How To Scatter Ashes

By: Alterna Cremation
Wednesday, February 17, 2021

After losing a loved one, it can be hard to accept that someone so close to us is now gone. Scattering ashes allows us to visualize their departure and take comfort in knowing that their remains will be in a place that was significant to them.

Choosing where to spread the cremated remains of your loved one is a personal and complicated decision. We’ve put together some information about the different ways you can scatter ashes, and what to know before doing so:


Where Can I Scatter Ashes?

In Manitoba, you can scatter the remains of a loved one in government-owned provincial parks or waterways without approval. If there is a park or other place in nature that your loved one enjoyed spending their time, you may choose to put their remains there.

You might also choose to scatter the ashes on private property, as long as you gain approval from the owner of the property.


Places to Scatter Ashes

  • In a waterway

First, a word of caution: be careful not to scatter the ashes near drinking water or in a public swimming area. 

You can purchase a biodegradable container for the ashes that will slowly dissolve in the water.

  • On a shoreline

Dig up a small section of the sand and place the ashes in it. Over time, the tide will wash away the area and disperse the remains throughout the water.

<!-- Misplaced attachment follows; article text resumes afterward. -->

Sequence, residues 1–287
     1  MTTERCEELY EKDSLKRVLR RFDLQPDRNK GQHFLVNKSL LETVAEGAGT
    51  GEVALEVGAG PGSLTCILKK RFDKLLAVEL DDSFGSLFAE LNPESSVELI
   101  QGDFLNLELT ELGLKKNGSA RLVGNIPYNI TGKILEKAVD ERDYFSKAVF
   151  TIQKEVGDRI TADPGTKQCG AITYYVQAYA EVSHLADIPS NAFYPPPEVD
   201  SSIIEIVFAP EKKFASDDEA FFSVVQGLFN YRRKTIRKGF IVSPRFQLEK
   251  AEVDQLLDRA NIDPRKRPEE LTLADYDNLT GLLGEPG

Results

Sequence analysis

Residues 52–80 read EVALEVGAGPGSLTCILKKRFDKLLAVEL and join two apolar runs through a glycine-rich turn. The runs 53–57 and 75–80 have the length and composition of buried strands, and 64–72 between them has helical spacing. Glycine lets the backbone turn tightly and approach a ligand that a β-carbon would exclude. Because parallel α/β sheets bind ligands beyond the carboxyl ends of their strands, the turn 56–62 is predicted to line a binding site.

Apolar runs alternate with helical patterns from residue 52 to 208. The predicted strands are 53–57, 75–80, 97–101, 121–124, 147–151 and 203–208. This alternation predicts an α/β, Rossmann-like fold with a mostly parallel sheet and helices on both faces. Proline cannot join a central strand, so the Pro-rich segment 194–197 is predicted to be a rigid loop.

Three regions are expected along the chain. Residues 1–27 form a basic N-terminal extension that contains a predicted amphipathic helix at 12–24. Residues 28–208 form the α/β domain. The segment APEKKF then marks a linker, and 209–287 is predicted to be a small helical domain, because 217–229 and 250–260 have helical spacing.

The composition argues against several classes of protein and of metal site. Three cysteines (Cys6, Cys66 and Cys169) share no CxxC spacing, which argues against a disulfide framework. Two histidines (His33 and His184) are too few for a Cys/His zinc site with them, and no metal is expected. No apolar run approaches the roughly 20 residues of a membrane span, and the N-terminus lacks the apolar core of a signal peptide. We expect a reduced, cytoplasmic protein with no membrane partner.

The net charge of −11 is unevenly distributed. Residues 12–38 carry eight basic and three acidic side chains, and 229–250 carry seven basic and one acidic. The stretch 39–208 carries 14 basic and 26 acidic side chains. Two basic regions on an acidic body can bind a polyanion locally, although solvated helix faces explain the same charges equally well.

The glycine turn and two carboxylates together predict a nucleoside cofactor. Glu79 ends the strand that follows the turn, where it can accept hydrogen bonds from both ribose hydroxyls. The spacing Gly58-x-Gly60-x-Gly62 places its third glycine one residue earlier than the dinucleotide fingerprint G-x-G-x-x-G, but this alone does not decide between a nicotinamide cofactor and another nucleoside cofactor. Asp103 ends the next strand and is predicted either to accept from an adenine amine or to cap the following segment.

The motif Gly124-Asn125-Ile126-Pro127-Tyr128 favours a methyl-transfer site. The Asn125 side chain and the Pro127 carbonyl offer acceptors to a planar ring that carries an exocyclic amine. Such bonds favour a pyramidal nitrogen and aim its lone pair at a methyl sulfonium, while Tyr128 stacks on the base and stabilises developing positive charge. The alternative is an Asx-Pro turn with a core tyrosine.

• In a garden

Bury the ashes in a patch of soil, then plant a few flowers or plants overtop. Seeing the circle of life can provide comfort during the grieving process.


Consider the Following

Here are a few things to keep in mind before you scatter ashes:

  • The direction of the wind

Make sure you scatter ashes the same way the wind is blowing. Certain pieces of the ashes will be heavier than others, and they may drop to the ground instead of flying with the wind.

  • How to clean up afterward

Remember to bring a sanitary wipe to clean your hands from any leftover ashes.

  • What the ashes look like

As you handle the ashes, you may be surprised that they aren’t the finely-ground powder that you may have envisioned. The consistency is actually closer to coarse sand that contains pieces of bone fragments. 

  • Remembering the event

An occasion like this only happens once (or a few times, if you choose to scatter the ashes in multiple locations). When you think back on it, it may be therapeutic to keep a few mementos of the event. Record who else attended, what the weather was like, and why that location was significant to your loved one.

  • Scatter them all at once, or keep some?

Your next choice will be a deeply personal and very important one. Do you wish to scatter all the remains altogether, or do so in several locations? 

You might choose to scatter some ashes but keep the rest in your possession. Perhaps someone else would like to keep a portion of the ashes. You can place them in an urn or keepsake jewelry.